the increase of homosexual workers utility (+30,16%). The aggregate benefit, that is the result of the sum of workers utility and the firm
profit, is quite stable with a bit decreasing (-6,62%). The explanation of this result is connected to reduction of the profit (-13,32%) for the
undeclared firms. A comparaison between undeclared and homosexual workers utility shows that the compesated effect is positive when
the number of homosexual workers increases.
In the second test, we calculated the percentage of job satisfaction for homosexual and undeclared workers for each level of homosexual
workers. Job satisfaction is defined by the equation (5). The simulation shows a higher effect on homosexual workers job satisfaction
compared to the effect on undeclared workers. There is a low decrease of undeclared workers satisfaction (-11,01%), and a large increasing
of homosexual workers satisfaction (+43,86%).
Table 2. Percentage of homosexual and undeclared satisfacted workers.

3%

5%

10%

15%

20%

25%

30%

Ho_satisf

14,71%

23,48%

20,94%

31,34%

30%

35,36%

33,78%

Und_satisf

92,02%

88,57%

86,42%

81,61%

82,59%

81,24%

81,88%

5.2 Test simulation with homosexual employers


In this test we proceeded, like in the previous one, with a progressive increasing of homosexual workers, but within firms managed by
homosexual employers. We observe an increasing of homosexual workers utility (29,59%), a decreasing of undeclared workers utility (16,43%) and a large increasing of firms profit (87,2%). The aggregate effect is positive.

Luigi Bonaventura

812

Int ernational Journal of Economy, Mana ge ment and Soci al Sci ences , 2(10) October 2013

Figure 2. Evolution of homosexual and undeclared workers average utility

The second test shows the percentage of undeclared and homosexual workers job satisfaction when the number of homosexual workers
increases. Table 3 shows a large increasing of percentage of homosexual workers satisfaction compared to a stable satisfaction of
undeclared workers.
Table 3. Percentage of homosexual and undeclared workers job satisfaction.

3%

10%

15%

20%

25%

30%

ho_satisf

19,71%

24,72%

32,08%

42,68%

41,64%

47,9%

und_satisf

84,15%

86,09%

87,33%

84,73%

85,75%

84,3%

Moreover, we calculated the average number of segregated jobs. A segregated job is a job that has the same sexual orientation workforce.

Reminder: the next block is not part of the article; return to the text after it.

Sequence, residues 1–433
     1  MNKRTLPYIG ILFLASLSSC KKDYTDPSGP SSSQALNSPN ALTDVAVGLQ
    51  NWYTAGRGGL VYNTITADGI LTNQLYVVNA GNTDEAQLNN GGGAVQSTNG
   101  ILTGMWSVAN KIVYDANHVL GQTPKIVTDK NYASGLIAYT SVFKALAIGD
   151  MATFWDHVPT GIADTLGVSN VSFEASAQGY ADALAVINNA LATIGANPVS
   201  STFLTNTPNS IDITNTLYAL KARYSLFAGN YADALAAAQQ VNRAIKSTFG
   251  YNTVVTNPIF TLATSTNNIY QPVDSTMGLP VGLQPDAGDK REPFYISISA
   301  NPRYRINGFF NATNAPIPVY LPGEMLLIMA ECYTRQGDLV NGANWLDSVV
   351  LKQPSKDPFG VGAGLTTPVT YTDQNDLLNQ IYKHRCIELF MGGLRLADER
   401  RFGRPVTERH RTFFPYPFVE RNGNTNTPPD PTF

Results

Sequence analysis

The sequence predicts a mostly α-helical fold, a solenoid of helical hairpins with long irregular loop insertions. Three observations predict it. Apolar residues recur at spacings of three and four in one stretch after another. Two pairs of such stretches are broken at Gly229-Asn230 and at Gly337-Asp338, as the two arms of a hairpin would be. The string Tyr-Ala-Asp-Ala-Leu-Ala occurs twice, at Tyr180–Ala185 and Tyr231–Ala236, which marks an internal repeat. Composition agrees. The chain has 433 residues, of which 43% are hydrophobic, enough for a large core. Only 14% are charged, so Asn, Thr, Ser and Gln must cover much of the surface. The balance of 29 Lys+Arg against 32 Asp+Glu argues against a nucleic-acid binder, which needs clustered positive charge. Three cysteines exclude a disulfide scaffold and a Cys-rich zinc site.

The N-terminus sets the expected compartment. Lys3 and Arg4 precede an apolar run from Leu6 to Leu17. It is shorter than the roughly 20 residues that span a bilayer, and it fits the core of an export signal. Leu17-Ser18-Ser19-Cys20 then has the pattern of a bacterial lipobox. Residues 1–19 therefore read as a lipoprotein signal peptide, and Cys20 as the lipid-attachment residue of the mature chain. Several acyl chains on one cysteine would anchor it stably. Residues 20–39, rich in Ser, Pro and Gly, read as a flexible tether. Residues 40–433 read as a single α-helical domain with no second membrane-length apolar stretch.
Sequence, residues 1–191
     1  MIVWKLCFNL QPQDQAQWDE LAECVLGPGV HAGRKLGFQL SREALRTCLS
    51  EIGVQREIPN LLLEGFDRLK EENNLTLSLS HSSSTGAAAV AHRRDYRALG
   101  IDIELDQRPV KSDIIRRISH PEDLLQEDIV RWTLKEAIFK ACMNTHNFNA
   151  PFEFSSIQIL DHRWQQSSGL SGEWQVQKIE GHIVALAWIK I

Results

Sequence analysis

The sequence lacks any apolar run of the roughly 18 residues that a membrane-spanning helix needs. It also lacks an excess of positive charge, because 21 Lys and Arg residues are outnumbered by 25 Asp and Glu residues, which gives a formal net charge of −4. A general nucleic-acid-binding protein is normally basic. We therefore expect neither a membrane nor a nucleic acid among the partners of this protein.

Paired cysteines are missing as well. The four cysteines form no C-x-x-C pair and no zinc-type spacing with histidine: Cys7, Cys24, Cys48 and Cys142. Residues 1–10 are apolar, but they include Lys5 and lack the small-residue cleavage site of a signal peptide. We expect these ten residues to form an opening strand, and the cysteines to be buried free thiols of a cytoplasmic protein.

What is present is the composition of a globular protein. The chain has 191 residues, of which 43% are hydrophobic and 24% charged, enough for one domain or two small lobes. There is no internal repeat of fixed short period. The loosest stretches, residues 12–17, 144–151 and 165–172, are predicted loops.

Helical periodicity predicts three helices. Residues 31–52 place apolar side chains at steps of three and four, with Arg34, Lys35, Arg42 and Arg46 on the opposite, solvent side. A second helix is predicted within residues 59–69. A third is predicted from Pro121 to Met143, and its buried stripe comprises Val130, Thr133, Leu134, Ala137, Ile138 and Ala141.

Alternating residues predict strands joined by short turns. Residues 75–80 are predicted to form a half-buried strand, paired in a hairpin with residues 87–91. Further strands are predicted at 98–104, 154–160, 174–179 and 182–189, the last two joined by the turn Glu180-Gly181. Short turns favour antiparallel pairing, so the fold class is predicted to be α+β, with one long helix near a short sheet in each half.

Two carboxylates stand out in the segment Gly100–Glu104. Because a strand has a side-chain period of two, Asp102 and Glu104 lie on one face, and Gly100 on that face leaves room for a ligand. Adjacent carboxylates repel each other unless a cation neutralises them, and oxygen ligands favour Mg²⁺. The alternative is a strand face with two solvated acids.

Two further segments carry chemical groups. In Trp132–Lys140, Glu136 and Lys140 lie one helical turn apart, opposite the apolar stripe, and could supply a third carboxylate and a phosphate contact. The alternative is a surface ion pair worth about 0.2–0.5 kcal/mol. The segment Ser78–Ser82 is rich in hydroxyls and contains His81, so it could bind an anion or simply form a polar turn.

Figure 3 shows that the average number of segregated jobs decreases when the percentage of homosexual workers increases.

Figure 3. Average number of segregated jobs.

The Effects of Workers Sexual Orientation Disclosure in the Workplaces

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Internat ional Jour nal of Economy, Mana ge ment and Social Sciences , 2(10) October 2013

6.

Conclusion

Berggren and Elinder (2012) showed, in an econometric model, that tolerance toward homosexuals is negatively and quite robustly related
to economic growth. In a more detailed analysis we showed that it is not always true.
By means an agent-based model we simulate the effects of an increasing of sexual orientation disclosure in the workplaces. We test the
effects on workers utiliy, firms profit, job satisfaction and segregation. The results show a complessive improvement of the performances
and a better condition for undeclared and homosexual workers and employers. With a homosexual employer we can observe an increasing
of homosexual utility and firm profit, with a low decreasing of undeclared utility. Instead, with an undeclared employer the firms profit
decreases but the compesated effect of undeclared and homosexual workers utility is positive.
The effects on the workers satisfaction are always positive, in a firm managed by an undeclared employer like by a homosexual one. The
decreasing of undeclared workers satisfaction is more than compensated by the increasing of homosexual workers job satisfaction with
undeclared employer. In a firm managed by homosexual employer the job satisfaction has a positive increasing for homosexual and
undeclared workers.
The last test analyses the effects on the job segregation by an increasing of disclosure of sexual orientation. The effect is positive and
reduces the average number of segregated jobs.